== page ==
Table 8 – STI Treatment Guidelines

Implications of commonly encountered sexually transmitted or sexually associated infections for diagnosis and reporting of sexual abuse among infants and prepubertal children

Table 8
Infection Evidence for sexual abuse Recommended action
Gonorrhea* Diagnostic Report†
Syphilis* Diagnostic Report†
HIV§ Diagnostic Report†
Chlamydia trachomatis* Diagnostic Report†
Trichomonas vaginalis* Diagnostic Report†
Anogenital herpes Suspicious Consider report†,¶
Condylomata acuminata (anogenital warts)* Suspicious Consider report†,¶,**
Anogenital molluscum contagiosum Inconclusive Medical follow-up
Bacterial vaginosis Inconclusive Medical follow-up

Sources: Adapted from Kellogg N; American Academy of Pediatrics Committee on Child Abuse and Neglect. The evaluation of child abuse in children. Pediatrics 2005;16:506–12; Adams JA, Farst KJ, Kellogg ND. Interpretation of medical findings in suspected child abuse: an update for 2018. J Pediatr Adolesc Gynecol 2018;31:225–31.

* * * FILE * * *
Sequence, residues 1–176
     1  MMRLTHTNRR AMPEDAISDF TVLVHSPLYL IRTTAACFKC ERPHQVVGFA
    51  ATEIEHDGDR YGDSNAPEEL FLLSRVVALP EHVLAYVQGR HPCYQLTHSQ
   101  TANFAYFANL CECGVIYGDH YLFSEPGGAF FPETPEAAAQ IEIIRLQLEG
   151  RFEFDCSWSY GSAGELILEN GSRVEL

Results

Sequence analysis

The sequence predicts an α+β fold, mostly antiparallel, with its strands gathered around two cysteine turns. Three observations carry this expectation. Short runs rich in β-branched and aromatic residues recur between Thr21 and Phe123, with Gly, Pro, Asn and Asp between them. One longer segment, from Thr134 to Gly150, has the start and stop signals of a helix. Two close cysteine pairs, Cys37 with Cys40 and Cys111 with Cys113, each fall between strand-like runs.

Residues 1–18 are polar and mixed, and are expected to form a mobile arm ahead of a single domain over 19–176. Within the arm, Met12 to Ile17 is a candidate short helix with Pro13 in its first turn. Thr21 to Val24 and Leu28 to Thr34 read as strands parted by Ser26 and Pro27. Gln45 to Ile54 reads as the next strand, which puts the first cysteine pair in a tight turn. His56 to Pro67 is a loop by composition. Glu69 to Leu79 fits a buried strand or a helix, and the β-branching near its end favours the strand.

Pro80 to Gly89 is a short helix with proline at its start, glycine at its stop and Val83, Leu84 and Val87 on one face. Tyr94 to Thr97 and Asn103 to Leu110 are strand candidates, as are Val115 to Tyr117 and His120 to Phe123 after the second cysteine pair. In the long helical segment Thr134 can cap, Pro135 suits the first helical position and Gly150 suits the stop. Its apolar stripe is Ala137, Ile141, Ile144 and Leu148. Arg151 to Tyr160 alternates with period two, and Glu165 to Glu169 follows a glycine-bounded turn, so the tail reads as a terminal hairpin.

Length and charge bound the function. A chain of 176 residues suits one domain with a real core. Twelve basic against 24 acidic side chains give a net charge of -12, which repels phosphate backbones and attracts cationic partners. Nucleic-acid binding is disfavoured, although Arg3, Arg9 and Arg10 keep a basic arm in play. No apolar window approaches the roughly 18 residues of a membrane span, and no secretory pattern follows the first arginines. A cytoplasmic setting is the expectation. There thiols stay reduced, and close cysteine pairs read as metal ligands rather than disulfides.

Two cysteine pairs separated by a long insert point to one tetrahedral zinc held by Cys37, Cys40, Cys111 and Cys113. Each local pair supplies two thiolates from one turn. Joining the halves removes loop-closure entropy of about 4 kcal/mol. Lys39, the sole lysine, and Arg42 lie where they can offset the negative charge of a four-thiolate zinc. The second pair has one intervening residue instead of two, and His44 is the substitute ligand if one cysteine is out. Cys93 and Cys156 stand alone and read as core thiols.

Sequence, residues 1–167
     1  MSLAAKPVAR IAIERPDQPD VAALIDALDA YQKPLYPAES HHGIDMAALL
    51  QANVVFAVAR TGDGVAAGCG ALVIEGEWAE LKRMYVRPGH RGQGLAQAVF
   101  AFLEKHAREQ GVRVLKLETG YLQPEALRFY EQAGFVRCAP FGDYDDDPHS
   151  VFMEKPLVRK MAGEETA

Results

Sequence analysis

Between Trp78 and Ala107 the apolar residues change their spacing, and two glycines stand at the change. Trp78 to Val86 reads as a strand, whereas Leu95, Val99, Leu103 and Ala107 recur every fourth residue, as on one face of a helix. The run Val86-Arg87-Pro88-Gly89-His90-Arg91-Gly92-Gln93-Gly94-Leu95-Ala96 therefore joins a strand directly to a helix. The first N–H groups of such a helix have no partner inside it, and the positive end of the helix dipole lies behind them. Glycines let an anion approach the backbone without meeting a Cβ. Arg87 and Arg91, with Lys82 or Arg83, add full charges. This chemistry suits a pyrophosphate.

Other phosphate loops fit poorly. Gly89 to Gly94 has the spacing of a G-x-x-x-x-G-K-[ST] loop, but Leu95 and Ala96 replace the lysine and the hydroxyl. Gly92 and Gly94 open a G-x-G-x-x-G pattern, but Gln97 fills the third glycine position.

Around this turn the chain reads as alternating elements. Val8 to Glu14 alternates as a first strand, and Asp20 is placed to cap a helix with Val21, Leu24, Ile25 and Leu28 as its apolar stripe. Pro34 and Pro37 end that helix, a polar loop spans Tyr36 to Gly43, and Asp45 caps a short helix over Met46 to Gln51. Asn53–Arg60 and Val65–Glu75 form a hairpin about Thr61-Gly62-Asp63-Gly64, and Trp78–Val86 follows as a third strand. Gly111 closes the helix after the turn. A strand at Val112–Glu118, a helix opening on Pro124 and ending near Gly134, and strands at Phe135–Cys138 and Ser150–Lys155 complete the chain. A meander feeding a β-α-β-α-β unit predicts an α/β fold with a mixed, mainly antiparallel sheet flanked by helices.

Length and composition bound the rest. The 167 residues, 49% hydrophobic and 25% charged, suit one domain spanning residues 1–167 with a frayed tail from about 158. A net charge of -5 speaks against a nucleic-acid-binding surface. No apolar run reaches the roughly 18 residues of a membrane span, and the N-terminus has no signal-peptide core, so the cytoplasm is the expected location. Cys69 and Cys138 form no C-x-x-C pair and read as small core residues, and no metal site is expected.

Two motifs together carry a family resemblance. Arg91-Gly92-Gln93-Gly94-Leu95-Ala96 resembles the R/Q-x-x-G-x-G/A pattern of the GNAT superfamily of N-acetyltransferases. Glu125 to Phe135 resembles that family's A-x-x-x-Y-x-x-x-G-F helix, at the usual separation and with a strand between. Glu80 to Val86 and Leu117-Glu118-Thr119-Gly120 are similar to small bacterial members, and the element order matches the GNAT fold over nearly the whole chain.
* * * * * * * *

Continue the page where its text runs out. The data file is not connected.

* If unlikely to have been perinatally acquired and vertical transmission, which is rare, is excluded.

Reports should be made to the local or state agency mandated to receive reports of suspected child abuse or neglect.

§ If unlikely to have been acquired perinatally or through transfusion.

Unless a clear history of autoinoculation exists.

** Report if evidence exists to suspect abuse, including history, physical examination, or other identified infections. Lesions appearing for the first time in a child aged >5 years are more likely to have been caused by sexual transmission.